A picture of two mice quarrelling on the London Underground has won the 55th Wildlife Photographer of the Year LUMIX People’s Choice award, an annual competition held by London’s Natural History Museum.
The winning shot—”Station Squabble”—was captured by Sam Rowley, a wildlife photographer based in Bristol, U.K., for a project delving into the lives of rodents in the capital’s underground rail network.
He explained the inspiration behind the series came from a video of mice on a platform sent to him by a friend after a night out.
“These mice only know the constant roar of trains and perpetual darkness,” he told the Natural History Museum. “The tunnels are a desperate place to live if they need to have a boxing match over a tiny little crumb.”
In this instance, the fight lasted for a brief moment before one mouse darted off, having won the prize crumb.
To complete the series, Rowley spent five nights lying on station floors across the tube network, ignoring distractions from trains and Londoners as they made their way around the city.
At one point, he recalls, a man appeared out of the blue and lay on top of him, thinking Rowley was having a heart attack.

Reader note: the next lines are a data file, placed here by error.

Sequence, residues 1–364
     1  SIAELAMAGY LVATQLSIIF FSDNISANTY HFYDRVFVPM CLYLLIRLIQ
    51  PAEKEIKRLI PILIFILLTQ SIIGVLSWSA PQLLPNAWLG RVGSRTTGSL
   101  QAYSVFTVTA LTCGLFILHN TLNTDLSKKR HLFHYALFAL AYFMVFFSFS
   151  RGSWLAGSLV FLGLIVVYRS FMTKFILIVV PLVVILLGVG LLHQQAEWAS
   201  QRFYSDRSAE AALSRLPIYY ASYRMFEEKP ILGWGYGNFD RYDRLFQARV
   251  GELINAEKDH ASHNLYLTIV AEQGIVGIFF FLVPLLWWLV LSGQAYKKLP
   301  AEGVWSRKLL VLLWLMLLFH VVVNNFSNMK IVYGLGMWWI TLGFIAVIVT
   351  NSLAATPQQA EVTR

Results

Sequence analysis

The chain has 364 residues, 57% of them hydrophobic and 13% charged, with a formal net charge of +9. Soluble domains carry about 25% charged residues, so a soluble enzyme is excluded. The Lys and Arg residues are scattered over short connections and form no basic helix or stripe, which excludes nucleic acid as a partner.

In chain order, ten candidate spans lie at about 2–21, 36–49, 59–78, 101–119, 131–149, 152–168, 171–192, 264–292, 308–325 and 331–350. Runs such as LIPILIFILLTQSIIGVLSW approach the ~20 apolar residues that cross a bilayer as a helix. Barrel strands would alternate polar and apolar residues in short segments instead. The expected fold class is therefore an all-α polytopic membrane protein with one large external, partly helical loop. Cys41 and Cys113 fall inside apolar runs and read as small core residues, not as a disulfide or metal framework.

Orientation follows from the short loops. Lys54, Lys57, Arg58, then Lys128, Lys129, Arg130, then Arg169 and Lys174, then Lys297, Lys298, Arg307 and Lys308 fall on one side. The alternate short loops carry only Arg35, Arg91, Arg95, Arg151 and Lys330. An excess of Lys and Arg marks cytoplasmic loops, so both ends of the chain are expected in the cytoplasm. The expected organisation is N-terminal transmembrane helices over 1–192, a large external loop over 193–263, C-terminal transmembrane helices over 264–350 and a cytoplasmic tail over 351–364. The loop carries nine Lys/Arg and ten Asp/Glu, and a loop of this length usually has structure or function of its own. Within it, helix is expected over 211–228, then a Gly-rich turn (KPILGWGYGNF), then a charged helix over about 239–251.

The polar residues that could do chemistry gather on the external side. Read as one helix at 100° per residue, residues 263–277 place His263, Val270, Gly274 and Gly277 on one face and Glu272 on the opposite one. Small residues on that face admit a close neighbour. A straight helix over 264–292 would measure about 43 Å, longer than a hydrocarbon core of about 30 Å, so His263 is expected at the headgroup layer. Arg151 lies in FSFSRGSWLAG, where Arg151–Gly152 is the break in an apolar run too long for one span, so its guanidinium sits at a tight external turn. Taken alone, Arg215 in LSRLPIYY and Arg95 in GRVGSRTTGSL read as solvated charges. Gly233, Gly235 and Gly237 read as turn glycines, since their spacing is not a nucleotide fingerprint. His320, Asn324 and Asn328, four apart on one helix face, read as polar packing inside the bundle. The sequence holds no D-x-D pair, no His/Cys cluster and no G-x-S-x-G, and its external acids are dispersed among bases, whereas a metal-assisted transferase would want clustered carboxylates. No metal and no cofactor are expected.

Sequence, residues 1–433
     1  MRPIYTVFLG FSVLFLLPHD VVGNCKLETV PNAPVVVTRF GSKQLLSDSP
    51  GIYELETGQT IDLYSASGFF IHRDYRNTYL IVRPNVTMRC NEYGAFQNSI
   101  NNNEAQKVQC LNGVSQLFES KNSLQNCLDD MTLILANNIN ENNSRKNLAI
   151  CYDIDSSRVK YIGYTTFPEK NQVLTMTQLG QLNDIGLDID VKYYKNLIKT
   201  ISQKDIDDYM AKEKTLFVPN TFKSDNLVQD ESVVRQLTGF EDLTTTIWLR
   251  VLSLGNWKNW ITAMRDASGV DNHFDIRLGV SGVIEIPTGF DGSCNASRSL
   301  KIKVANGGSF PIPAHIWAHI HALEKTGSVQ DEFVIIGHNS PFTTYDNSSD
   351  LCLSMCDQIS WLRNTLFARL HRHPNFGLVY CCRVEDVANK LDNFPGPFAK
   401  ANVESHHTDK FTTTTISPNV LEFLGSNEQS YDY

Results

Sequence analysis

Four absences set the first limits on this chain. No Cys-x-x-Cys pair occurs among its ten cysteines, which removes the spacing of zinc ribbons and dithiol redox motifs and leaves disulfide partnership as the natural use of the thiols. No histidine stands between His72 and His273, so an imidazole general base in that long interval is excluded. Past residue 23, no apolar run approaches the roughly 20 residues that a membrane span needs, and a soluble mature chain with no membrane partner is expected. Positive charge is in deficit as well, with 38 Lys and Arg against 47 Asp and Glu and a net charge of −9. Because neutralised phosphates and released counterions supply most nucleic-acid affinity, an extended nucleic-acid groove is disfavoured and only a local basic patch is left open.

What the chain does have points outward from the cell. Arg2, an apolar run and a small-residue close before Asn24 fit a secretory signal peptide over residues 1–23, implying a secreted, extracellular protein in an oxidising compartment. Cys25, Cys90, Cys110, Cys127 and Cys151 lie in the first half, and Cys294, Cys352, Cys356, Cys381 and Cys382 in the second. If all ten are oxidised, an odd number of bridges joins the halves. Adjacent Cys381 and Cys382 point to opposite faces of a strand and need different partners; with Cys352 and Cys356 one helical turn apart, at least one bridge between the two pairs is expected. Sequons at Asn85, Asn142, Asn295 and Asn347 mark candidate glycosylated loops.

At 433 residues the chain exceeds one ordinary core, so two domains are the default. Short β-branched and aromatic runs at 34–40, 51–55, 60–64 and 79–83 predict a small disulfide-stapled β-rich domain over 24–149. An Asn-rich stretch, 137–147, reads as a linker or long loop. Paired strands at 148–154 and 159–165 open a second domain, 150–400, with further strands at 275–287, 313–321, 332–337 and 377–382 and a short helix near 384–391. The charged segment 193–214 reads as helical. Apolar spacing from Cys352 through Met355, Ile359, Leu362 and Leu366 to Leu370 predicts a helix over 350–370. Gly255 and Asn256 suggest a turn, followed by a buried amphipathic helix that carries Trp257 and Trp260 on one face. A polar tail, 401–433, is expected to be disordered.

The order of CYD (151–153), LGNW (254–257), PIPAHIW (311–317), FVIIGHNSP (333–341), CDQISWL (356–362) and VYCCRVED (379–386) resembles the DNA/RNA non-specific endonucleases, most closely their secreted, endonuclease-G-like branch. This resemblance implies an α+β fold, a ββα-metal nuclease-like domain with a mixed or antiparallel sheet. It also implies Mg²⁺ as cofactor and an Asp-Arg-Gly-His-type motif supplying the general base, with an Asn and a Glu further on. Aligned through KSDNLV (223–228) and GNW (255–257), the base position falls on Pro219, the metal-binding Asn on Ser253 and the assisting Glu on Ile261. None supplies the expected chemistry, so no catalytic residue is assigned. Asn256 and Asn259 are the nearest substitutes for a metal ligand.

But a combination of patience, luck and skill saw him swoop into first place and win the people’s prize. According to the event’s organizers, around 28,000 got involved and cast their vote.
“It’s been a lifetime dream to succeed in this competition in this way, with such a relatable photo taken in such an everyday environment in my hometown,” he said. “I hope it shows people the unexpected drama found in the most familiar of urban environments.”
More than 48,000 people submitted images for the Wildlife Photographer of the Year 2019 competition. Staff from the Natural History Museum selected a shortlist of 25. The public could then pick their favorite.
On top of the winning image, the public selected four “highly commended” pieces. These include a striking photo taken by Aaron Gekosi of an orangutan in boxing gloves and shorts hunched over in a chair next to a boxing ring.
Orangutans have been used as sources of entertainment for decades at locations, including Safari World in Bangkok where they are made to participate in boxing shows.
Another runner-up was taken by Francis De Andres and shows a group of white reindeer barely visible in the snow. It was taken in Svalbard, Norway.
“Matching outfits” by Michel Zoghzoghi was taken in Brazil and shows a pair of jaguars on the Três Irmãos River with an anaconda clasped between their teeth.
In another, Elias Mugambi, a ranger at Lewa Wildlife Conservancy, northern Kenya, is pictured nose-to-nose with an orphaned black rhino, called Kitui. According to Martin Buzora, who took the shot, young rhinos frequently end up at the sanctuary because of poaching or because the mother rhinos are unwell.
The Wildlife Photographer of the Year is developed and produced by the Natural History Museum, London. It will be on show until May 31, 2020.